It is essential that you describe which information you collect from your customers, and how this information can help you decide the risk category of the customer, and even if you are taking that customer or not. It is a good idea to separate this section in legal persons (i.e: organizations and companies) from natural persons (i.e: individuals).
This identification is linked to the Know Your Customer document, and you should establish the rules to apply and enforce the KYC protocols.
Special attention must be given to subjects of international sanctions (individuals, collectives, or even countries). Here, a good understanding of the regions subject to sanctions, and the nature of these sanctions, is essential.
Procedure for application of due diligence measures
You need to specify the measures that you are going to apply to prevent money laundering and terrorist financing. These should include both protocols for new customers and periodical reviews for existing ones.
It is a good idea to elaborate two different types of measures, a simplified procedure for low-risk customers, and an enhanced procedure for high-risk customers. Don’t forget that the risk category of your customers should be re-evaluated from time to time.
Politically exposed persons
A politically exposed person (PEP) is a natural person who is or who has been entrusted with prominent public functions, also a family member and close associate of such a person. Why is this distinction important? Because PEPs, because of the prominent public (political, judicial or administrative) functions they hold or have held, are exposed to particular risks.
You need to establish especial measures and identification requirements for PEP as much as you need to do for high-risk customers, including whether you can accept these customers or not, and under which circumstances.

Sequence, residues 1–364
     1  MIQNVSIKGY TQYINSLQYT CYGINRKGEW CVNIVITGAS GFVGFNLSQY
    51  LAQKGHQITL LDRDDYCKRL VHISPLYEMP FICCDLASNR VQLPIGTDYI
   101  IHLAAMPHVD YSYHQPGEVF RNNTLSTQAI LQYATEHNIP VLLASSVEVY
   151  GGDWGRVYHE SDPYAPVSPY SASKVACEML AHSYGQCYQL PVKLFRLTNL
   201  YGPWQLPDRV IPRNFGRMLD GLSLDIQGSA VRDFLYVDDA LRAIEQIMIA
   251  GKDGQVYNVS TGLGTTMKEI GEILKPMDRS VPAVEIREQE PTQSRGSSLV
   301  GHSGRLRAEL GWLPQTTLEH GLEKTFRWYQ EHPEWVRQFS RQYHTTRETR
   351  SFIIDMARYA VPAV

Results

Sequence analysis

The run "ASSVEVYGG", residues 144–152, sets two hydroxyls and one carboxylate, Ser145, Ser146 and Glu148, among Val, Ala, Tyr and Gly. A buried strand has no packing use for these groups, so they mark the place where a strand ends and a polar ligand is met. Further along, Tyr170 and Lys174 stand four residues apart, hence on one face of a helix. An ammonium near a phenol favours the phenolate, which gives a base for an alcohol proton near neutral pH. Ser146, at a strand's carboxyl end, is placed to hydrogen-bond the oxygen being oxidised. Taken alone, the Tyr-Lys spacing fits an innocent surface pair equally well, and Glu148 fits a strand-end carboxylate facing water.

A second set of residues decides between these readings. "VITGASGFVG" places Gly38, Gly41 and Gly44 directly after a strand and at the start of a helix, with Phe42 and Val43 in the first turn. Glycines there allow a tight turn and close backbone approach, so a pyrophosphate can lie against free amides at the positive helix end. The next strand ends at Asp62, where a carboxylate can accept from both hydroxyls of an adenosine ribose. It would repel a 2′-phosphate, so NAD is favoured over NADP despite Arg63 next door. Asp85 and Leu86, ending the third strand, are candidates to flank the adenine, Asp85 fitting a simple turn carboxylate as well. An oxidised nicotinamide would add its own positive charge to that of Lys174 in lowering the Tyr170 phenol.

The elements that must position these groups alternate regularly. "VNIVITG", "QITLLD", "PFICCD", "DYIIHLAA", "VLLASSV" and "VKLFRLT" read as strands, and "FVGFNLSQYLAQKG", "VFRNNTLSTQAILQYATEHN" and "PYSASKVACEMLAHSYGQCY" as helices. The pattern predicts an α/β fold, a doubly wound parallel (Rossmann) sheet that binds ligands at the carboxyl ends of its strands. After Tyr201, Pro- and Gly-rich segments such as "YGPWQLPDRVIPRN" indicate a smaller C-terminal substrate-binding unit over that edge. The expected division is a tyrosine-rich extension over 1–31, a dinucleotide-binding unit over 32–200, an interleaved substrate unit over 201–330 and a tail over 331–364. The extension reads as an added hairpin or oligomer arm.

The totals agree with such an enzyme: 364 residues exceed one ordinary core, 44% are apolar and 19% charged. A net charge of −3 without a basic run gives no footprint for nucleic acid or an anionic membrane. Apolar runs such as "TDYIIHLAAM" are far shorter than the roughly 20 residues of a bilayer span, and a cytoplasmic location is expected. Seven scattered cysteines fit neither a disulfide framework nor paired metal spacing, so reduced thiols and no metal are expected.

The measures to prevent money laundering, and the identification and classification of your customers, should not be static, or performed only once. The AML officer must ensure that there is a continued monitoring of the customers and their activities. You should also specify:
- what constitutes irregularities in the expected operations of users and customers
- what constitutes a breach of trust or triggers a due diligence process
- when and how a business relationship can be terminated as a result of any of the previous points
- how you collect and store data of your customers and users and how you protect it
- if and under which conditions some of these activities can be outsourced
Compliance with the notification obligation
One of the most important parts of your document should specify how you are going to notify the authorities (Tax Office, FIU, etc) if a suspicious activity is detected, or some transactions or operations are determined to potentially incur in money laundering or terrorist financing activities. The AML officer is the person in charge of doing that, and must do so in accordance with the rules contained in the AML document.
Training your employees
Your employees should learn the AML protocols of the company, and know how to detect suspicious activity and notify it. You have the obligation to regularly train them and refresh their knowledge on AML measures, the KYC protocol, and the legislation. The AML officer is in charge of doing this, alongside offering a report to the board of all the measures implemented throughout the year to make sure the employees stay updated about them.
In this article, we shared our points of view regarding the latest measures of Estonia, which is doubling down on AML/KYC regulations and asking crypto-companies to comply with more strict requisites. Many companies have lost their licenses as a result. We understand this may be frustrating for a lot of them, and some of these entrepreneurs may be understandably upset. But in our view, keeping the business ecosystem secure, and making sure all Estonian companies (established through e-Residency or not) comply with the legislation, is only beneficial for all of us.
We also discuss how you can comply with the new regulations, and what you need to know to elaborate your AML document.